July 7, 2010

Memories of Nana

There’s something special about grandmothers. On one hand they are all very much alike: their doting, their worrying, their ability to tell you something without it being a lecture, and lastly, telling you off without holding a grudge (for either party). On the other hand they all have their own personalities and quirks. Mine was no different.

My nana was a fiery little woman and one of the things she is remembered for is her baking. Not just doing it, but having a love for it too. While her children remember her baking mostly out of necessity, the grandchildren remember her for her cookies. My sister and I also remember her for her banana bread. When they returned from many years living in northern Ontario, one couldn’t leave their house without being loaded down with a few bags of chocolate chip cookies, a loaf or two of some kind, and probably some jams or relish depending on the time of year. When I lived overseas for a while, I quickly learnt what to expect in her care packages. My colleagues came to love her cookies as well.

My nana passed away many years ago but her recipes live on in the hearts and memories of her family. She’s also gained a reputation in families that have merged with ours. My Honey’s extended family love her sugar cookies and have learnt that when I say ‘It was my nana’s recipe’ that seconds will be wanting.

Ironically I have learnt many things from her since her passing. The first time I made her sugar cookies I was surprised they didn’t taste the same. Then I realized she always made them with love and I had made them out of necessity. Since then, whenever I bake I make sure I’m doing it with love, even when I’m doing a crazy bake-off. Love is what makes it taste good.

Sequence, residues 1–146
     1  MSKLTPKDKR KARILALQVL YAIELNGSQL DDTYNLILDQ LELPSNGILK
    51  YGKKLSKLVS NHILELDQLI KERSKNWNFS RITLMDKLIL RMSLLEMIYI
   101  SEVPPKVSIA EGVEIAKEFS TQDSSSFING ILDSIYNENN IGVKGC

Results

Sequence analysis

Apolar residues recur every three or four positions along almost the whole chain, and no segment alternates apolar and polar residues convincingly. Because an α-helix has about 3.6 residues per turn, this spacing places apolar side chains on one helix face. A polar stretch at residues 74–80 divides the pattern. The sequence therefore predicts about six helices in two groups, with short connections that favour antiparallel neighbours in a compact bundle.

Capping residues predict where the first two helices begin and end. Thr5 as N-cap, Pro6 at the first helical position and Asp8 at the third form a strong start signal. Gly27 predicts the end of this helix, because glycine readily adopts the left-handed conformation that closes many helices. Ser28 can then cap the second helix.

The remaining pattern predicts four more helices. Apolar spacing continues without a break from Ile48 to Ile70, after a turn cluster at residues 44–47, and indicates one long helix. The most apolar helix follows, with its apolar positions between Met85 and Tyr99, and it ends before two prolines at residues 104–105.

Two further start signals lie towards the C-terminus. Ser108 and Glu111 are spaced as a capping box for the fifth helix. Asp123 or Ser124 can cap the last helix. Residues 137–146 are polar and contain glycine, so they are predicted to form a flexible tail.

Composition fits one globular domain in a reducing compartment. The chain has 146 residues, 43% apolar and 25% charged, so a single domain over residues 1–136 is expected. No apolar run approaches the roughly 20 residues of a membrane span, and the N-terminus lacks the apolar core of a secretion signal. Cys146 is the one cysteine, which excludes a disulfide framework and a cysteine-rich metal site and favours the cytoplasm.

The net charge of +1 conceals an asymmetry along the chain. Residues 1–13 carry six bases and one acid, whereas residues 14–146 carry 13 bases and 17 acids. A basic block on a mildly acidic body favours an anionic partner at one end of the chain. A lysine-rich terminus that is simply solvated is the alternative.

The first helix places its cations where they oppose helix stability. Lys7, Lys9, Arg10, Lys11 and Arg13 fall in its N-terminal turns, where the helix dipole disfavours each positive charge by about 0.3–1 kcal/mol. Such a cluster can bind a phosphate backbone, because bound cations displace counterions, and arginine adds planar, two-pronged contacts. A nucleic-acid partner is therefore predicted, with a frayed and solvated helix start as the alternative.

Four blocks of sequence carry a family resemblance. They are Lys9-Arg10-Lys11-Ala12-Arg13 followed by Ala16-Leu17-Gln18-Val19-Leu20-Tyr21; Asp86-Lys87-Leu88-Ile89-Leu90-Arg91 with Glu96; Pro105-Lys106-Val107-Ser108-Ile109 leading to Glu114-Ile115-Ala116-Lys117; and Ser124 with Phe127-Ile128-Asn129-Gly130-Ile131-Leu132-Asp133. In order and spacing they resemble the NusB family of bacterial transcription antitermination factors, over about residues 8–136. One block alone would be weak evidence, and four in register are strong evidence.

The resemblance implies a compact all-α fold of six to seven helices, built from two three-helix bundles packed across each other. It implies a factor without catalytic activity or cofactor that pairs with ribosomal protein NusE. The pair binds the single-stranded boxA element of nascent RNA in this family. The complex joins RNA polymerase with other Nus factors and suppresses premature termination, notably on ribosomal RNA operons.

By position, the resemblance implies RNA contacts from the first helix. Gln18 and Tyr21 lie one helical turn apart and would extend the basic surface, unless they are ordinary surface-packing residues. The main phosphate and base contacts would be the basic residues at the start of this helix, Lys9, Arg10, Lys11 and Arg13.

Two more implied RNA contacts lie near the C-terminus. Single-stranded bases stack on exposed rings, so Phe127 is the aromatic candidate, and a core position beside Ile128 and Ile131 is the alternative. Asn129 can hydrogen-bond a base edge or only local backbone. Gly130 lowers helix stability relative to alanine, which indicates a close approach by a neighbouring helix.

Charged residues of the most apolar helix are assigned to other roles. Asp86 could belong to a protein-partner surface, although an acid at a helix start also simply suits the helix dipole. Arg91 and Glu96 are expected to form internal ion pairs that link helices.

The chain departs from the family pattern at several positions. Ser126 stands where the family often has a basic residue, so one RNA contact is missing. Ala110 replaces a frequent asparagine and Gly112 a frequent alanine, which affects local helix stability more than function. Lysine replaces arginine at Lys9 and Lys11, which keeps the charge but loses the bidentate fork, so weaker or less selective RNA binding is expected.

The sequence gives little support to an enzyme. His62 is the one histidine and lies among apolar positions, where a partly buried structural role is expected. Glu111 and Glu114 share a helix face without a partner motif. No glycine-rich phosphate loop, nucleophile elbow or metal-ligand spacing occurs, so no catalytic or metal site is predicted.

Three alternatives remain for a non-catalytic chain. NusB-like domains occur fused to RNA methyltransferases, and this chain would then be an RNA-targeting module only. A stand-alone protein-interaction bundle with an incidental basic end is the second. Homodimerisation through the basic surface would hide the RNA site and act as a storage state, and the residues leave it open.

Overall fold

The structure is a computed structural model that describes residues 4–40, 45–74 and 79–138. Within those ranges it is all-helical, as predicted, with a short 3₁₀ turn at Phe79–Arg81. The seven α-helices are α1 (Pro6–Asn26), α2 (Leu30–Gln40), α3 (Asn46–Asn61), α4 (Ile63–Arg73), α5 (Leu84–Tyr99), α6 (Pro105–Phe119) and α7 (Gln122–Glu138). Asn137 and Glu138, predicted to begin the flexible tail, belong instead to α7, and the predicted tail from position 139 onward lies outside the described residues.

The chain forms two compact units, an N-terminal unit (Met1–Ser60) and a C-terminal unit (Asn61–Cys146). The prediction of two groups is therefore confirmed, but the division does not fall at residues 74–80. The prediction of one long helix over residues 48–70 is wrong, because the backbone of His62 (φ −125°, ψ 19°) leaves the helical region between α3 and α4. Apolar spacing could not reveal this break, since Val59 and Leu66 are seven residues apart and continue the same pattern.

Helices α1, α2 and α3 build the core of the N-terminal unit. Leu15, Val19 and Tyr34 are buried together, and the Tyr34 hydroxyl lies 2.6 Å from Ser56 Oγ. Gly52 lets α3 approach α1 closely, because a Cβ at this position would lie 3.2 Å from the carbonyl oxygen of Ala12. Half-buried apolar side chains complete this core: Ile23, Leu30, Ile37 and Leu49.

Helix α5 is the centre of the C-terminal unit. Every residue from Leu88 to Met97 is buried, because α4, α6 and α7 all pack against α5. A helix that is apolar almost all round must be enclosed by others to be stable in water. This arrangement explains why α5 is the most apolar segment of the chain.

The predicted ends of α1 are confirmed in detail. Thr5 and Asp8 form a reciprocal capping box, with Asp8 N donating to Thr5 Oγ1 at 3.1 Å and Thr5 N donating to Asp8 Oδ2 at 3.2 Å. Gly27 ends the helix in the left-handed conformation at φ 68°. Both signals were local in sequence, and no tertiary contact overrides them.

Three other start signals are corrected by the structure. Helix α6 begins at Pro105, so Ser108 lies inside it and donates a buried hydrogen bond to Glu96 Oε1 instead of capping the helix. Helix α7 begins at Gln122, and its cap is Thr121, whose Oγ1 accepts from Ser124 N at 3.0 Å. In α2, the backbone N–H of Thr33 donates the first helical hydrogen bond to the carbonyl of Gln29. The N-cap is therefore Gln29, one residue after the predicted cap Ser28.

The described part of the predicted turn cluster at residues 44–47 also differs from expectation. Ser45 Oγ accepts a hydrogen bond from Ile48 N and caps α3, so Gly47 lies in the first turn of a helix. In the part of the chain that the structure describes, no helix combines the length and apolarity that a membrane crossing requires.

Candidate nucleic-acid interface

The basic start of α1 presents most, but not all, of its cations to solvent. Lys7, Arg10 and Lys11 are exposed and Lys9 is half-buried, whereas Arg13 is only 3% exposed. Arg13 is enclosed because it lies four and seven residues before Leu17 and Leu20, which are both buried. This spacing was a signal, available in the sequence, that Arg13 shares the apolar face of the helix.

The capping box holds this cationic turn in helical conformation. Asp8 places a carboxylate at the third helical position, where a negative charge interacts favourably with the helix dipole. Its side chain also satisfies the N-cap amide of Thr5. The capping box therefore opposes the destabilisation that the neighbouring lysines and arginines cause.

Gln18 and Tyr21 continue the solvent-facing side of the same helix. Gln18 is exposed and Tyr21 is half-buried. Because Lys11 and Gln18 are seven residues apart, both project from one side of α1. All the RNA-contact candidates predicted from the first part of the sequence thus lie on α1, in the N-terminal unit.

Her banana bread is made often, especially to use up those brownish bananas and it tastes wonderful every time. I usually make it as is, maybe cutting the sugar in half (when I remember), and it doesn’t last long. Most of the time I share it with others; colleagues, students, friends, and I think the reason is because they all enjoy it. It’s so easy to make that I normally make a few at a time; more to go around. My sister and I have never tried to find another recipe for banana bread, nor wanted to. To us this one is perfect. I hope you enjoy it and as you make it, you have memories of your nana.

Nana’s Banana Bread
Makes 1 loaf
1 cup sugar
4 tbs melted butter
1 egg, beaten
3 small bananas or 2 large bananas, mashed
1 ½ cup flour
1 tsp baking soda
½ tsp salt
¾ tsp guar gum
Cream together sugar, egg and butter. Add bananas, then flour, soda and salt. Mix well. Put into a loaf pan and bake for 1 hour at 350˚.

* If you double the recipe, use two separate pans otherwise it won’t cook all the way through.
** Can halve the sugar without consequences.
Bananas are the perfect texture for banana bread when they are frozen when overripe, and then thawed ahead of time for baking. Just make sure to thaw them in a bowl, they tend to leak.

This recipe probably came from my Nana’s Five Roses Cookbook. It’s one of those cookbooks that has become an institution and as I’ve learnt, I’m not the only one who has fond memories of the baking that came out of this book. A cousin recently received one at her bridal shower from her mother, who received her copy from her grandmother (the bride’s great grandmother). Here’s a link I found that gives you an idea how much it’s been a part of Canadian culture, and maybe helped shape us as a people. http://www.kenorapubliclibrary.org/museum/history/social/social.aspx?id=1693&TierSlicer1_TSMenuTargetID=1693&TierSlicer1_TSMenuTargetType=1&TierSlicer1_TSMenuID=445


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